She moved, just a bit, and let out a low moan of pain.

It hurt so bad.

When the war had ended, the losses were substantially less than any had dared hope for. Stories of spells that were dead on missing their target or deflecting off nothing, all saving the lives of those on the Light Side, ran rampant. Even Dumbledore was at loss to explain what was happening.

One loss that had dampened any celebration for Harry Potter, The Boy Who Lived Again, was the loss of one of his best friends, Hermione Granger.

3 months before, Severus Snape had escaped Voldemort after he had figured out his true allegiances. How he had managed to do that, no one had ever figured out. As far as they could tell, he was the only one to have ever managed to escape the fortress from where he had emerged, ragged and tired but mercifully alive. It had been there, on that night, that he had heard the tales of the capture of Hermione Granger. With the loss of Severus as a spy, word of her whereabouts had been few and far between.

No one had hope that she was still alive. No one dared hope that she was still alive, not with what they knew Death Eaters did to those they had captive.

Four days after the end of the war, in which most of Voldemort's openly supportive followers had been killed, a ragged figure had appeared on the doorstep of Hogwarts, School of Witchcraft and Wizardry. Sometime in the night she had stumbled across the lawn to the front door and collapsed.

She, or so they assumed, was curled in a ball, her thin limbs were wrapped around her emaciated midriff, and open wounds, all at various stages of infection, littered what they could see of her skin. On her back, an angry red and yellow abscess gave the Healers who saw her a start. None had ever witnessed something so disgusting, something so long untreated.

Madame Pomfrey, the resident mediwitch, hustled down as fast as she could, her face nearly white. When she threw the heavy doors open, with the help of one of the Weasley twins, the figure on the step shrank away and cried out.

The words made no sense. A combination of shrieks and sobs, the girl's voice – for they could tell it was a girl now, by her voice and by what little of her figure was now visible – grated on even the most even tempered witch's nerves. It was like hearing the dead speak as they left, like nails on chalkboards. So misused and untended, the girl's throat seemed to be raw.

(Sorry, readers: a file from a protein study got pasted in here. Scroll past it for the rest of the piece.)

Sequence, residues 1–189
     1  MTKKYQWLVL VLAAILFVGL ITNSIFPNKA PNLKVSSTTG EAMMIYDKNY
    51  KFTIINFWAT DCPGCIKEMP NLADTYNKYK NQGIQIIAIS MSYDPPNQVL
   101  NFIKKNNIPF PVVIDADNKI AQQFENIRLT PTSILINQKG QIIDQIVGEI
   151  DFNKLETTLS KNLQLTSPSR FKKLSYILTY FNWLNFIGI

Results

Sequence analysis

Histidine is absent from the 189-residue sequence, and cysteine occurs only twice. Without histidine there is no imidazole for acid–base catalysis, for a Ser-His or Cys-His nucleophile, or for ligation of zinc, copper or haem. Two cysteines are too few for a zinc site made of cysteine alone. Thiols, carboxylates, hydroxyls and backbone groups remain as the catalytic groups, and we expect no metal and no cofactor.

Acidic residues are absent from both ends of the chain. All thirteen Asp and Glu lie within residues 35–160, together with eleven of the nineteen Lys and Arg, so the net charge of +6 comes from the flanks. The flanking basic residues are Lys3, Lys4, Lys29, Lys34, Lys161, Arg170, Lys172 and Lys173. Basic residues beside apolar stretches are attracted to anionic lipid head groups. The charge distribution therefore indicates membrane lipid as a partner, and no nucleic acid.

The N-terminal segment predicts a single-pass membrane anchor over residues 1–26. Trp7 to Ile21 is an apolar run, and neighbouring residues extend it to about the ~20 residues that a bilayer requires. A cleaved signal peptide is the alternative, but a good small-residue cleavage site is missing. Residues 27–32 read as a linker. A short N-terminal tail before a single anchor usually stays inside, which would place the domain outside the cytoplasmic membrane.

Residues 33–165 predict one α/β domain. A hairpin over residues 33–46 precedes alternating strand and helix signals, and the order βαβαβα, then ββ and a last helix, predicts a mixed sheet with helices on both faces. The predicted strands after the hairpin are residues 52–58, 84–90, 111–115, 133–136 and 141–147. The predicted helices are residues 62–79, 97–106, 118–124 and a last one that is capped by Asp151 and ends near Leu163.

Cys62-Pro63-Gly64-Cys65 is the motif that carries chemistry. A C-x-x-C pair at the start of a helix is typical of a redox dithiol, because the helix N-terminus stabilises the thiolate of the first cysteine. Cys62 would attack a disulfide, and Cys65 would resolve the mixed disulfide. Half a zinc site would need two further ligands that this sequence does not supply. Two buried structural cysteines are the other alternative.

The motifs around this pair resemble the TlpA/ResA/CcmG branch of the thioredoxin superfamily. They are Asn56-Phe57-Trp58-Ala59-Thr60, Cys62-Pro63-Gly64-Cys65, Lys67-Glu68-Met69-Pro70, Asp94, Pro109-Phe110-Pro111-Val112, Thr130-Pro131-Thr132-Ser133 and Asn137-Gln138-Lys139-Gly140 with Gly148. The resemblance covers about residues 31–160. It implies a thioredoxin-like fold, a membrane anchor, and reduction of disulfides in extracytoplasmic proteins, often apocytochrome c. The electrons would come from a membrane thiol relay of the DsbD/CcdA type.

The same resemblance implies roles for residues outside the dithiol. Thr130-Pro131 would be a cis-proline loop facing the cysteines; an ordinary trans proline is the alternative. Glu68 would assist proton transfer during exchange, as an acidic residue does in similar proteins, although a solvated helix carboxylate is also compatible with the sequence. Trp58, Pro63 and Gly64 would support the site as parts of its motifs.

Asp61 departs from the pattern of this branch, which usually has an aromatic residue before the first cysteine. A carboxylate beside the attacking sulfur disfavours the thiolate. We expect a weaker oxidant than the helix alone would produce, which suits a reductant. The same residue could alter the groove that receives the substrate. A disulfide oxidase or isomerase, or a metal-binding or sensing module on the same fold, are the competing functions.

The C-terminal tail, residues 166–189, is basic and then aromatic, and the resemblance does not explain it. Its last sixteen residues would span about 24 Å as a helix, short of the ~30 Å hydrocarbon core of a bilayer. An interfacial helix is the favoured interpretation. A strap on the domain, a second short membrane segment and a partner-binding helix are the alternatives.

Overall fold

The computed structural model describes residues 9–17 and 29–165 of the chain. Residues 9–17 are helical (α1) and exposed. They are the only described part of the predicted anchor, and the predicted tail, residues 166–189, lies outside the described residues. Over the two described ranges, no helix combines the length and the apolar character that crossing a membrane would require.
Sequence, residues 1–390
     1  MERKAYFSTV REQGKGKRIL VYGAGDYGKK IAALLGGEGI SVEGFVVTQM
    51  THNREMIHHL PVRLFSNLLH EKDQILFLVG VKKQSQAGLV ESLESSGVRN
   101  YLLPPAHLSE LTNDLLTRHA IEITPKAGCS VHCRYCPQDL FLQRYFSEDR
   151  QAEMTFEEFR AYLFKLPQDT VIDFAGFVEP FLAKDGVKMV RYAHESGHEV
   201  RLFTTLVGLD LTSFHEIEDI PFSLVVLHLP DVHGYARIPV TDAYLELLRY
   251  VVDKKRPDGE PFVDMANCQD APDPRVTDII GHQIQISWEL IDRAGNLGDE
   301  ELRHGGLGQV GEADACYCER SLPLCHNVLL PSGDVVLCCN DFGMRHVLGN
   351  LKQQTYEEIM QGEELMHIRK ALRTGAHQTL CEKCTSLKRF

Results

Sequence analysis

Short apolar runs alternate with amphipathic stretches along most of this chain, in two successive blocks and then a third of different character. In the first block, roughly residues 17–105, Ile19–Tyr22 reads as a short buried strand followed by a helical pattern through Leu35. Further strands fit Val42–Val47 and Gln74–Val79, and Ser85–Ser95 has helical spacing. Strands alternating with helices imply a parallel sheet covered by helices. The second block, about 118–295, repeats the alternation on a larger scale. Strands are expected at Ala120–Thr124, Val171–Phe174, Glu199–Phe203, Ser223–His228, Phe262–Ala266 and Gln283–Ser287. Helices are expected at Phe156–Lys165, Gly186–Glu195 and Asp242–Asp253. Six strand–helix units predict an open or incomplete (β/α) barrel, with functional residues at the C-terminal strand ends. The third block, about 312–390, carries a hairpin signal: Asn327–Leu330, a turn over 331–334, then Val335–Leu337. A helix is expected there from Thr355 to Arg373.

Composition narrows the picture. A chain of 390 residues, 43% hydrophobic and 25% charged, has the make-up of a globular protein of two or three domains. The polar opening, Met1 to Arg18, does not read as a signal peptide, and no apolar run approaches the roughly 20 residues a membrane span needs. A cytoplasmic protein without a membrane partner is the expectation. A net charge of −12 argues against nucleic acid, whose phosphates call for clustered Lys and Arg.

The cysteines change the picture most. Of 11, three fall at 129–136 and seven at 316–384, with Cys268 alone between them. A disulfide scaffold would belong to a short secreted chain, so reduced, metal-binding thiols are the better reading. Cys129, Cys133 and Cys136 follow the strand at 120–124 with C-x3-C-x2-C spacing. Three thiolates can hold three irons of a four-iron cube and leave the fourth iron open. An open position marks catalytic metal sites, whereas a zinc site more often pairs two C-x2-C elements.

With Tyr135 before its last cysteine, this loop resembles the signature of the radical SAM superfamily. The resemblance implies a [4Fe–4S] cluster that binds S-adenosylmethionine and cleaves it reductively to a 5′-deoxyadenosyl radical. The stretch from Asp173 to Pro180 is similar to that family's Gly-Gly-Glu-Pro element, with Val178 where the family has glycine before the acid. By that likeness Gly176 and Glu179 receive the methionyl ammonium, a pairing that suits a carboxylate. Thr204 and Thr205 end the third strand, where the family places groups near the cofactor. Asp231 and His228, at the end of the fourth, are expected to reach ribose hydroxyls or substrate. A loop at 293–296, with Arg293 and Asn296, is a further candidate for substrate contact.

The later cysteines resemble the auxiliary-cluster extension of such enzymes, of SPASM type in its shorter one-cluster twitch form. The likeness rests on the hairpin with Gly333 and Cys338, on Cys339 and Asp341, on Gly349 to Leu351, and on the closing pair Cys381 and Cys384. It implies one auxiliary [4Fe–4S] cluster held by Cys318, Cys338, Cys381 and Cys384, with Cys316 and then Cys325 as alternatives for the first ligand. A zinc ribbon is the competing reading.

"There, there, dear, calm down now," the mediwitch told the girl. The girl seemed to relax at the sound of the woman's voice, and seemed to move forwards a bit. She turned her face towards them, and they gasped.

Before them was Hermione Granger, and yet she was not the girl who had disappeared just three and a half months prior. One eye was weeping greenish goo; the other was open, but barely. The girls face had cuts and bruises on it, and was completely shrunken in.

Her hair, once long, curled locks, was thin and missing in places, tangled and dirty. It didn't seem to have been washed since before she'd been taken. Her clothing, and those Fred and George could attest were what she was wearing on the day she had disappeared, was basically disintegrating off of her.

"Madame Pomfrey?" the girl asked. The mediwitch nodded, her voice gone. "I need help, I think," she told them, before she collapsed again.

It was raining when they came. Late, and cold, and raining, even though it was only August. She shivered, wondering why the dark was making her so afraid right now. She'd taken the walk from the apparition point in the park to her parent's home many times.

She glanced over her shoulder, wrapping her fingers around her wand tighter.

When she looked forward again, two were in front of her. Then there were two behind her, two to her right and one on her left. Seven Death Eaters for one girl. Seven. Against her, Hermione Granger.

If she hadn't been so scared she might have laughed.

It didn't take them too long to subdue her. She was alone, and they had surprised her. She did get a warning signal off at the very end, a beacon that would lead Aurors right back to the place.

Unfortunately it wouldn't lead them to her.

She fought like a wildcat, and once they had her bound, they laughed about the marks she'd given them.

In the end the fighting didn't help, but it made her feel better.

When Hermione Granger awoke, the first thing she noticed was that the pain in her eye and her back was gone. The two places that had burned the worst, despite everything else Bellatrix Lestrange had inflicted on her. She knew her back had abscessed over and over again, and that once her eye had been pierced that it should have been healed then if she had wanted to be able to use it ever again.

As she slowly tried to open her eyes, she knew that she had been right. The five weeks in between the time in which Bellatrix had put the metal into her eye and now had been too long, and her eye was gone. She was thankful that she could see at all.

She lay still and felt her body out, something she had quickly learned to do. Knowing what was going to hurt the worst before Bellatrix tried to find out was always a good thing. As she felt her body out this time, she nearly began to cry. Nothing hurt. She couldn't tell if it was because she had been healed, or if she was dosed with something to prevent pain.